Highlights outside of the race itself include a BBQ, locally brewed booze, coffee and some amazing supporting brands including Whyte, Marin, Pivot, DMR, Fox and Burgtec, which will allow you to get your grubby mitts on the latest 2017 offerings. Result!

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I have, of course, entered this event, once again in the Masters category. I’m well aware that my prior results at the first two rounds of the Southern Enduro have not been where I’d hoped they would be… however, Swinley Forest is one of my local playgrounds; a place I’ve spent countless hours exploring both marked and off-piste trails. I know the terrain, I ride with confidence there and know how both my body and my bike react to the mix of loam, ginger and roots of the forest, in all weather conditions. Surely, I have some competitive advantage on this one, right?

Who knows, only the minutes and seconds on the day will matter. The Masters category is still going to be ultra-competitive and full of exceptional riders, but I’ll have a quiet, underlying hope that the  knowledge of the trails will no doubt help me, even if just a little.

I have no idea what the stages will look like, as I’m sure the trail team will sculpt some absolutely stunning routes, I can’t wait to try them out on race day.

A few things are for sure. The Swinley Hub Race Team have been the rowdiest, loudest bunch at the Southern Enduro events at Milland and Tidworth this year, so they’re guaranteed to bring the noise at their home race!

Also, it’ll be exceptionally well organised, if the social night rides and the BBQ’s are anything to go by. Knowing the amount of effort the crew put into every detail to get things right, I’ve no doubt that this will be one hell of a race day.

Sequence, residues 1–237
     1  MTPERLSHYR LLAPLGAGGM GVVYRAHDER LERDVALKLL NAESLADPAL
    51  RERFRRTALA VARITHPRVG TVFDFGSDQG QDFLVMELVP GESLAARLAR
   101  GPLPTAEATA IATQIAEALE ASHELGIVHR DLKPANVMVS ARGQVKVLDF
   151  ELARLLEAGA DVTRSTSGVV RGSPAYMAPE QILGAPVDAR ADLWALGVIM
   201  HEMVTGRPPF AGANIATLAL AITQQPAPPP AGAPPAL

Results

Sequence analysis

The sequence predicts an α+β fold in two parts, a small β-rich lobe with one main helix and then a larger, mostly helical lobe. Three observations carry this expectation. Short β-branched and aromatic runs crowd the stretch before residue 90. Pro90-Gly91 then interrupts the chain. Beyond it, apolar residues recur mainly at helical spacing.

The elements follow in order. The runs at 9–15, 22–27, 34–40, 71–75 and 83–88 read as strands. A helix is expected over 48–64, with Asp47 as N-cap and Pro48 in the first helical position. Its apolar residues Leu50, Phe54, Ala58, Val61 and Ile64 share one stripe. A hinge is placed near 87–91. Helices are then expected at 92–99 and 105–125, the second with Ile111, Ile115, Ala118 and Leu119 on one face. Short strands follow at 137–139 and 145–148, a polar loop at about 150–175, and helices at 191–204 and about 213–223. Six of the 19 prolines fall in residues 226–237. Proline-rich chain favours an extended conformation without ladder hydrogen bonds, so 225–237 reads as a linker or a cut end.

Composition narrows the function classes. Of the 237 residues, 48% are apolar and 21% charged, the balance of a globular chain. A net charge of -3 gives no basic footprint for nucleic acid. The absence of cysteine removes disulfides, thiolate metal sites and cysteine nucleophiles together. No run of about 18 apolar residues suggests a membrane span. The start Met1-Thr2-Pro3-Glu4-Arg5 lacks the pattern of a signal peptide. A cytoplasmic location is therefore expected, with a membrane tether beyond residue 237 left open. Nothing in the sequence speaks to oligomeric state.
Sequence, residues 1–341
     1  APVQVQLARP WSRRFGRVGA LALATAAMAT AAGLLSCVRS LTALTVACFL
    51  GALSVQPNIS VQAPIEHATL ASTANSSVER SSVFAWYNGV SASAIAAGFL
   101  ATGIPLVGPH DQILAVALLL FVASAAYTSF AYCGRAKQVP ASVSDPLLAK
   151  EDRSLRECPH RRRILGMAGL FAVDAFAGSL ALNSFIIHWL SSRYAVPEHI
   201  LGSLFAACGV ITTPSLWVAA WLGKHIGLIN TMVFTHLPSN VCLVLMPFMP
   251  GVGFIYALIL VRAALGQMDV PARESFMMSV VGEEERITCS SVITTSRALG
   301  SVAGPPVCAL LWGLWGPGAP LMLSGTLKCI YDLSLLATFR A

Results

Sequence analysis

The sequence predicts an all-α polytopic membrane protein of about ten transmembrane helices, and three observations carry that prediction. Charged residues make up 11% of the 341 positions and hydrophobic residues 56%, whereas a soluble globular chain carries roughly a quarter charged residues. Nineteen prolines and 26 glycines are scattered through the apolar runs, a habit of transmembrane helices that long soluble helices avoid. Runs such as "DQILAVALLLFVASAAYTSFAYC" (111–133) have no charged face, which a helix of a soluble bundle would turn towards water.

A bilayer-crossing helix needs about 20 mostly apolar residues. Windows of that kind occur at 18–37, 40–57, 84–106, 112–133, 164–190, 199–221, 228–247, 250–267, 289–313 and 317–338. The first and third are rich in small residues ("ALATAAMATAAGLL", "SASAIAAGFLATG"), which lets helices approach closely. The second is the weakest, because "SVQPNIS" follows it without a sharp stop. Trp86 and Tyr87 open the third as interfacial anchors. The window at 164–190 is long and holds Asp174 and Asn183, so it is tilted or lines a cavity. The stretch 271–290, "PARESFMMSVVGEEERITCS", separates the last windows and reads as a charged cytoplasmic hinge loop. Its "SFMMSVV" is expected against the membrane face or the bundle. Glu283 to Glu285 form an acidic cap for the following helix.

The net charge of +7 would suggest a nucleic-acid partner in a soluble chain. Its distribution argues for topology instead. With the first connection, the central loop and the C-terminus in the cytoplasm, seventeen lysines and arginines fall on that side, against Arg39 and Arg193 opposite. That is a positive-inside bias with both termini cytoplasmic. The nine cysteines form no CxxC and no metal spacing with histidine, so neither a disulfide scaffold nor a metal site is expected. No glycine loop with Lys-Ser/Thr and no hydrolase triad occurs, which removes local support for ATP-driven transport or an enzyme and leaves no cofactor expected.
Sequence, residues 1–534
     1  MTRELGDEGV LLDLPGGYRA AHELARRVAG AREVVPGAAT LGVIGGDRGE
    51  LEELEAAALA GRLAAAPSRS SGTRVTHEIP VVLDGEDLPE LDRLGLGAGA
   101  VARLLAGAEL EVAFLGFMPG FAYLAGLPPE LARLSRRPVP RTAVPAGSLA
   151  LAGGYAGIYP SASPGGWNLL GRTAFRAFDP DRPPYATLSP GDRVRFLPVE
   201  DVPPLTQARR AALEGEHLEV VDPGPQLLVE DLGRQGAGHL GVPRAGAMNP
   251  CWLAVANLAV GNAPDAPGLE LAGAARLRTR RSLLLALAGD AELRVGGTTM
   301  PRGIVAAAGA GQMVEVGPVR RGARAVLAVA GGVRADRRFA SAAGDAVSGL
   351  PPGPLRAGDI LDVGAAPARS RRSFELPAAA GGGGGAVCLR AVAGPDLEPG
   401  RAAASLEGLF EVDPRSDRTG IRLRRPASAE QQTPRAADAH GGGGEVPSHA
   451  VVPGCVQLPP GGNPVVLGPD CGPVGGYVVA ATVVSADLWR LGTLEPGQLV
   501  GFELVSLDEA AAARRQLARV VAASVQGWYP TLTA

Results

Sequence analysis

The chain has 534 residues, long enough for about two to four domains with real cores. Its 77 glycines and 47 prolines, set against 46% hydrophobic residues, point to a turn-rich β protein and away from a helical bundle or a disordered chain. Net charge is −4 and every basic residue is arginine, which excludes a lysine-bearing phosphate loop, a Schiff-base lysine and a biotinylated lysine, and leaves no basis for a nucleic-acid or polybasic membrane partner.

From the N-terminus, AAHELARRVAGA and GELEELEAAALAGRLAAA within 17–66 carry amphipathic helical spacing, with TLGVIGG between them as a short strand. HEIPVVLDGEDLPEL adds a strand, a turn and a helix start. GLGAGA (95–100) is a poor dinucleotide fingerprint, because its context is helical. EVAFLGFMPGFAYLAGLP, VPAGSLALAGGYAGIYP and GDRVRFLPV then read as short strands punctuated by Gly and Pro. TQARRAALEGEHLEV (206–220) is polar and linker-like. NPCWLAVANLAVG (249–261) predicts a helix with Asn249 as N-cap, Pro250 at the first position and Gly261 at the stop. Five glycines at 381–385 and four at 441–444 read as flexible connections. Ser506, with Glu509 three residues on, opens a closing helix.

You can race in confidence, too. The Swinley Forest Enduro is part of, and follows the guidelines set out by the British Enduro Mountain Bike Association (BEMBA), which ensures that safety is a key aspect of what will be a hugely fun event.

If you’ve not signed up yet, what are you waiting for?! Entry is £42.50 for any category, but just be aware than the car parking for the day (£4) is not included. I’ll even make it easy for you, the link is here.

A bunch of my good riding mates have also signed up, so this is going to be a social blast as well as a superb Enduro race!

I’ve still got round three of the Southern Enduro to focus on first, with the race at Queen Elizabeth Country Park (QECP) taking place on Sunday, 24th July. I’m putting the miles in, and have even signed up to a gym (boooo) to help with overall strength, so I’m going for a placing beginning with a ‘3’ at least!

It’s time to get the Enduro face on again.. see you there!

Cheers,
Ian @ Stealth Riders

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#soenduro